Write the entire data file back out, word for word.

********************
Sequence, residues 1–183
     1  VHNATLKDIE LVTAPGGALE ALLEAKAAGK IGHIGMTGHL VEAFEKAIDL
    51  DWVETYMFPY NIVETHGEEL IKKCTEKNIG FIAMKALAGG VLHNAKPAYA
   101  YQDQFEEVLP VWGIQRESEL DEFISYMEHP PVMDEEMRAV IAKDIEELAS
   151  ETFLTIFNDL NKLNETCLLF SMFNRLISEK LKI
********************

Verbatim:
Sequence, residues 1–183
     1  VHNATLKDIE LVTAPGGALE ALLEAKAAGK IGHIGMTGHL VEAFEKAIDL
    51  DWVETYMFPY NIVETHGEEL IKKCTEKNIG FIAMKALAGG VLHNAKPAYA
   101  YQDQFEEVLP VWGIQRESEL DEFISYMEHP PVMDEEMRAV IAKDIEELAS
   151  ETFLTIFNDL NKLNETCLLF SMFNRLISEK LKI